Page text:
It’s called a challenge, but it doesn’t feel like a challenge.
It feels like a very natural, and sociable, way to read some of the books I really want to read but never quite get to.
Let me explain.
A Classics Challenge is hosted by Katherine at November’s Autumn – you may also know her as Katherine of Gaskell Blog.
The basic premise is simple:
“Read seven works of Classic Literature in 2012. Only three of the seven may be re-reads.”
But what makes this interesting is what comes next:
“I’ve organized this challenge to work a little like a blog hop. I hope this will make it more interactive and enjoyable for everyone.
Instead of writing a review as you finish each book (of course, you can do that too), visit November’s Autumn on the 4th of each month from January 2012 – December 2012.
You will find a prompt, it will be general enough that no matter which Classic you’re reading or how far into it, you will be able to answer. There will be a form for everyone to link to their post. I encourage everyone to read what other participants have posted.”
So I’ve been through shelves and lists, and now I’ve narrowed down a long list of titles that I want to read or re-read to just seven books:
The Painted Veil by W Somerset Maugham (1925)
I must confess that I love the film, but I have never read this, or indeed any Maugham. Time to put that right.
Wives and Daughters by Elizabeth Gaskell (1866)
My mother loves Mrs Gaskell, but she lacks the short-term memory needed for keeping track of novels these days. But she loves watching television adaptations of classic novels, so my plan is to read the book and watch the mini-series with my mother. We did the same thing with North and South earlier this year, and it worked beautifully.
The Old Curiosity Shop by Charles Dickens (1841)
I began reading The Old Curiosity Shop last year, but though I was enjoying it life and other books distracted me. It’s time to go back to the beginning and see it through to the end.
The Great Gatsby by F Scott Fitzgerald (1922)
I remember seeing the film at school when I was about fourteen. It was an end-of-term post-exam treat! I loved it, and I went straight to the library to find the book. I loved that too, and now it’s time for a re-read.
A Sicilian Romance by Ann Radcliffe (1790)
I picked this up a little while ago and the mixture of gotic plot and rich description looked wonderful. But I had commited to reading another gothic novel for the Classics Circuit, so I had to put this one aside.
The Warden by Anthony Trollope (1855)
The first time I tried Trollope we didn’t get on, but I knew that it was just the wrong book at the wrong time. several people have suggested that The Warden is the best book to start with, and so that’s where I am going to start again.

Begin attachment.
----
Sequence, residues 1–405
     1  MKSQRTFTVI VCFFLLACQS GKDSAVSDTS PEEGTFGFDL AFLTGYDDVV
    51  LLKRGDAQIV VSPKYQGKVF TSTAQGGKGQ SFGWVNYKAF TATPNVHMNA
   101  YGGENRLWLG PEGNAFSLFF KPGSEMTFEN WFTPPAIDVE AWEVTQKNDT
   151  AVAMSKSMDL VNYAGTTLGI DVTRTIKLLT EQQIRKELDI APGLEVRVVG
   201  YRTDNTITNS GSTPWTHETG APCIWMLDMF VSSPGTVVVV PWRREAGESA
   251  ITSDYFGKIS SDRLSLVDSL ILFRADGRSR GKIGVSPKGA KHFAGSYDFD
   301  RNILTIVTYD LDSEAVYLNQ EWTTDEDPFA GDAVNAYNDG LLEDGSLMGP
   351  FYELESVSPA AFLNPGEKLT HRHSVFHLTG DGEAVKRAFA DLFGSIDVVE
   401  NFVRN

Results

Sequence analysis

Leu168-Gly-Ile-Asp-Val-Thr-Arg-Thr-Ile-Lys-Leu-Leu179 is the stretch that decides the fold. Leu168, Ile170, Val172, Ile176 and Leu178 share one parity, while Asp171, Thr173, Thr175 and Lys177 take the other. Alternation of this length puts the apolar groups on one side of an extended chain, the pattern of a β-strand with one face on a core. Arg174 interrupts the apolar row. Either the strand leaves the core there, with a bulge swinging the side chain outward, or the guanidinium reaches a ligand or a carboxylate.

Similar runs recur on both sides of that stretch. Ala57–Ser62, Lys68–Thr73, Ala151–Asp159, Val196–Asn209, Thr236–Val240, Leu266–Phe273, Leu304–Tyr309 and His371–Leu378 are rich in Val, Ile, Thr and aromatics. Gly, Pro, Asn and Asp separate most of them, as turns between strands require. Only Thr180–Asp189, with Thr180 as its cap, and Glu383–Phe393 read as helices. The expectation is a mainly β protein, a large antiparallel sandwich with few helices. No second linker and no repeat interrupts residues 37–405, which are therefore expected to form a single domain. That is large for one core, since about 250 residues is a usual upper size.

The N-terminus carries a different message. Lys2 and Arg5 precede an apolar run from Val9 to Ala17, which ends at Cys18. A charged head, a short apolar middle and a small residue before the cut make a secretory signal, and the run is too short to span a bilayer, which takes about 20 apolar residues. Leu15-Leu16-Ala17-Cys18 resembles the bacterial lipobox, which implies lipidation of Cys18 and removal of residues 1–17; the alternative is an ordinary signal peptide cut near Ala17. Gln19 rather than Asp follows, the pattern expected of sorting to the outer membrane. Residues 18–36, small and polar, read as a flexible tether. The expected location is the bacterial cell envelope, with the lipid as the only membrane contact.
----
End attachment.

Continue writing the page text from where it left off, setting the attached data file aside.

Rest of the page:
Vanity Fair by William Makepeace Thackery (1848)
My mother has been telling me that I should read Vanity Fair, that it was a wonderful book, for years. And she’s generally right about these things.
And now I just have to work out what to read first …
If I interpret this as ‘modern classics’, then I’m sure I can work it into my ‘A Century of Books’ project for 2012.
The Warden is the right place to start with Trollope I think. I am on the 4th of the Chronicles (Framley Parsonage) and have enjoyed each new installment more than the last. With Maugham, I think he is at his best in the short stories — about three summers ago I sat down and read them all and a fine reading summer it was. I also like his memoir The Summing Up very much. Vanity Fair has been on my To Read list forever. I need to get to that one. And more Gaskell as I loved North & South.
I’ve been thinking about doing this too, as you say it doesn’t feel like a challenge – I wish there was a better word for these type of things. I have read three of your choices – The Painted Veil, The Great Gatsby and Vanity Fair – all excellent, so I’d suggest starting with one of these. As The Great Gatsby is a re-read it may be easier (or not) to start with that or maybe Vanity Fair, which, I agree with your mother, is a wonderful book.
I’m going to join this endeavor also as soon as I can get organized and figure out which books I want to read! I have only read The Great Gatsby from your list and really liked it. I have read Maugham and was entranced by his writing. I’ll be interested to see your thoughts on The Painted Veil because I loved the movie as well!
I loved The Painted Veil, it’s one of my favorite works by Maugham. I didn’t put any Maugham on my list so maybe I’d better fix that!! And Wives and Daughters is one of my absolute favorites. The BBC adaptation is wonderful too.
I was reading your post and thinking, “you know, this might fit in rather well with Simon’s Century of Books” (which I’m planning for madly in my usual OCD sort of way), when I scrolled down and saw that Simon had said just that! I’ve got a Maugham on the list for the CoB already 🙂
Your list sounds wonderful! I hope you find Trollope more satisfying this time.
“It feels like a very natural, and sociable, way to read some of the books I really want to read but never quite get to.”
That is exactly what I hoped, so glad you feel that way! 🙂
Gaskell’s Wives and Daughters is a real treat. I’ve heard great things of Vanity Fair but have yet to read it myself. I’m planning on reading The Warden too, only for Sarah’s Classics Challenge.
Thank you for joining, Fleur! 🙂
It doesn’t feel like a challenge – very liberating and I love the idea of prompts and no reviewing pressure.
Anthony Trollope almost made it onto my list and may still – have never read anything of his.
The Painted Veil I’m sure you’ll enjoy. I did.
This sounds like fun. I didn’t realize there was a little twist to the challenge–I may have to join in as well. I loved The Painted Veil and really liked Wives and Daughters, too. I just read her North and South and thought it was excellent. I love your choices!